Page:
Forum in the News
December 06, 2012 - Salt Lake Tribune
The fact that one of our elected officials, Attorney General Mark Shurtleff, is a leader in the move to bring the Republican Party around to the need for immigration reform that is not only comprehensive, but humane, brings honor on the entire state of Utah Shurtleff was the most prominent member of a Utah delegation to this week’s meeting of the National Immigration Forum in Washington.
December 06, 2012 - Latinos Post
"Fair and just immigration reform is first and foremost a moral issue," Dr. Richard Land, president of the Southern Baptist Convention's Ethics and Religious Liberty, said at the National Immigration Forum on Tuesday, where more than 250 leaders from law enforcement, business and faith groups met to discuss immigration reform with lawmakers and White House staff. "God has definite opinions about how we treat the stranger in our midst."
December 06, 2012 - State Press (Arizona State University)
Three ASU alumni traveled to Washington, D.C., this week to ask Congress to prioritize immigration reform as a part of the National Strategy Session of the National Immigration Forum.More than 250 business, law enforcement and faith leaders gathered at the strategy session to emphasize the need for reform in 2013, according to a press release from the National Immigration Forum
December 05, 2012 - Northwest Public Radio
After the presidential election last month, scores of faith, law enforcement and business leaders gathered with an overhaul of the nation’s immigration policies as the goal. Northwest farmers are especially interested because many of them have been facing a serious worker shortage. But the effort is also getting support from some evangelicals, conservatives along with liberals.
December 05, 2012 - Christian Post
Business owners, law enforcement officials and evangelicals attending this week's National Immigration Forum in Washington, D.C., converged Tuesday to call out the "small minority" of the Republican Party that is halting immigration reform and urged for bipartisan effort to pass reform. The bipartisan coalition has representatives from the conservative states of Utah and Texas, and Hispanics and faith leaders who are vocal proponents for policies that keep immigrant families together.
December 05, 2012 - ABC News/Univision
On Tuesday, the National Immigration Forum kicked off a two-day confab that included 250 leaders from law enforcement, business, and faith groups from more than 26 states to strategize and meet with lawmakers and White House officials. And the pitch that conservatives made was more often than not based on moral reasoning in addition to economics.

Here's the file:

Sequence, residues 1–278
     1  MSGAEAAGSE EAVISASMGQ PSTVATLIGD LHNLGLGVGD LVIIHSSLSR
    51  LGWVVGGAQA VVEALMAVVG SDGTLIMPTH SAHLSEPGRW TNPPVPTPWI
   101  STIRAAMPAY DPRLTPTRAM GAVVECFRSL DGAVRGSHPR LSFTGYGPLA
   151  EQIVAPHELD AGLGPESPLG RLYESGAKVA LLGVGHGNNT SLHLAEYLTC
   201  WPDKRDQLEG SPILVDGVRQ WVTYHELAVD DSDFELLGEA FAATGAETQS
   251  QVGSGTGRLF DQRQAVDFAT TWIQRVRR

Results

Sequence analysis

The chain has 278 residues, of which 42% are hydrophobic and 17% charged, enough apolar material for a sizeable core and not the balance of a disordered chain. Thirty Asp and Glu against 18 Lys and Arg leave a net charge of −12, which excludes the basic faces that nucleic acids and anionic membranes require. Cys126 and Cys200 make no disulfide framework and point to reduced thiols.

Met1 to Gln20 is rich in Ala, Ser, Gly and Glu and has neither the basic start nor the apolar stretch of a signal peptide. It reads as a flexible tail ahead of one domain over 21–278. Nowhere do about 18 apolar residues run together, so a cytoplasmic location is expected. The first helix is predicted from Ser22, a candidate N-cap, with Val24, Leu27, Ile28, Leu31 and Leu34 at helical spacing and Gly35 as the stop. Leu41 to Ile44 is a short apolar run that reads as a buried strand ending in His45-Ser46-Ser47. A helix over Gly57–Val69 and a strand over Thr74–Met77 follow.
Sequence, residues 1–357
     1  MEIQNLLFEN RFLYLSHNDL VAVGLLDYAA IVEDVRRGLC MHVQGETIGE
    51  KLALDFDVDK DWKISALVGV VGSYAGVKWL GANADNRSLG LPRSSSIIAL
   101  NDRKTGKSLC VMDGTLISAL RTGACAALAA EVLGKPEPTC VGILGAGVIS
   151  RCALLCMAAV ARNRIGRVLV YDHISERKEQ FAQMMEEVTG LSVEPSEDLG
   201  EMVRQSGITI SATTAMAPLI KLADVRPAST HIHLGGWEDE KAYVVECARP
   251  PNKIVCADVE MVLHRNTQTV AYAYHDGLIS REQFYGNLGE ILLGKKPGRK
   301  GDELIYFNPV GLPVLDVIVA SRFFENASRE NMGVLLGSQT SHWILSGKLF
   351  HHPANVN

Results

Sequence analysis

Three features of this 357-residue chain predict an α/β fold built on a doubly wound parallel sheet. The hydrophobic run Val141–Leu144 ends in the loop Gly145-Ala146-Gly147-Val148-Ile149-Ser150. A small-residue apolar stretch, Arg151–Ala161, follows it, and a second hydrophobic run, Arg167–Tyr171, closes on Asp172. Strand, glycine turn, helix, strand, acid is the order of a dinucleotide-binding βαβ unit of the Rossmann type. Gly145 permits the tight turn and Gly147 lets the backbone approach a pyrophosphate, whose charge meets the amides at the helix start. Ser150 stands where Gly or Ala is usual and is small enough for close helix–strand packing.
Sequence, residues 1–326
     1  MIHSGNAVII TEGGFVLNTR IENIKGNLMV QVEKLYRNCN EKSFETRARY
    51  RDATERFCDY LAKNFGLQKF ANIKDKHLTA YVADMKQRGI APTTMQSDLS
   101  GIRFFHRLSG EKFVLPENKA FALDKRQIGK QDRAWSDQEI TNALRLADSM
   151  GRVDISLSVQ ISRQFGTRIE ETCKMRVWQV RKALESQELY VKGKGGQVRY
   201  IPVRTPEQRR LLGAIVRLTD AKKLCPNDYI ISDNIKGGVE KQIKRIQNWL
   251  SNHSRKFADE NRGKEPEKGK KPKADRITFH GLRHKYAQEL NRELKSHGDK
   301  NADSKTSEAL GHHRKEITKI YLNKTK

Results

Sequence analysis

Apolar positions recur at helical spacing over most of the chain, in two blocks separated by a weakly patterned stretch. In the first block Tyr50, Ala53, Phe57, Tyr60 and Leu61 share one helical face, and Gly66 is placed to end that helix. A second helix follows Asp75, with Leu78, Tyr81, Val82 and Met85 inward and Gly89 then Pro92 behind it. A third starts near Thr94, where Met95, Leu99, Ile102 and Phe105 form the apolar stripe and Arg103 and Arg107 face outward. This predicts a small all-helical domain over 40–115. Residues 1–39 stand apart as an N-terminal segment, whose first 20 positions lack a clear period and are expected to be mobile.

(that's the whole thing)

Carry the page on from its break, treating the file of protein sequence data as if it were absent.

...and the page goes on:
December 04, 2012 - Salt Lake Tribune
Congressional Republicans should embrace broad immigration reform, including a pathway to citizenship for those in the country illegally, Utah Attorney General Mark Shurtleff and other GOP activists urged Tuesday. They joined like-minded religious leaders and law enforcement officials at the National Press Club to kick off a two-day strategy session sponsored by the National Immigration Forum.
December 04, 2012 - New York Times
Looking for new footing on immigration before a debate on the volatile issue in Congress next year, Republicans and conservative leaders spoke out this week, raising arguments that immigration is good for the ailing economy and consistent with family values. In Washington, leaders of a coalition that unites conservative law enforcement officials and clergy with business leaders — they described themselves as “Bibles, badges and business” — held a strategy session Tuesday on how to push for a comprehensive overhaul of immigration laws.
December 04, 2012 - National Journal
A bipartisan coalition of religious, business, and law-enforcement leaders is asking for federal comprehensive immigration reform that includes a path to citizenship for those in the country illegally. The group met in Washington on Tuesday to pressure Congress and the White House to make immigration reform its “first priority” in 2013. “The country is hungry for Congress to work together,” said Jim Wallis, of Sojourners, a social-justice ministry. “Comprehensive immigration reform is that common ground.”
December 04, 2012 - National Journal
Americans disagree on a lot of things. Taxes, same-sex marriage, climate change, to name a few, divide the U.S. in one way or another. But immigration is different. Those who differ on taxes agree on the need for a 21st-century immigration process. Those who disagree on the definition of marriage agree the undocumented should have the opportunity to become citizens. Those who debate climate change agree families must remain united. Americans are ready for a new immigration solution. Is Washington?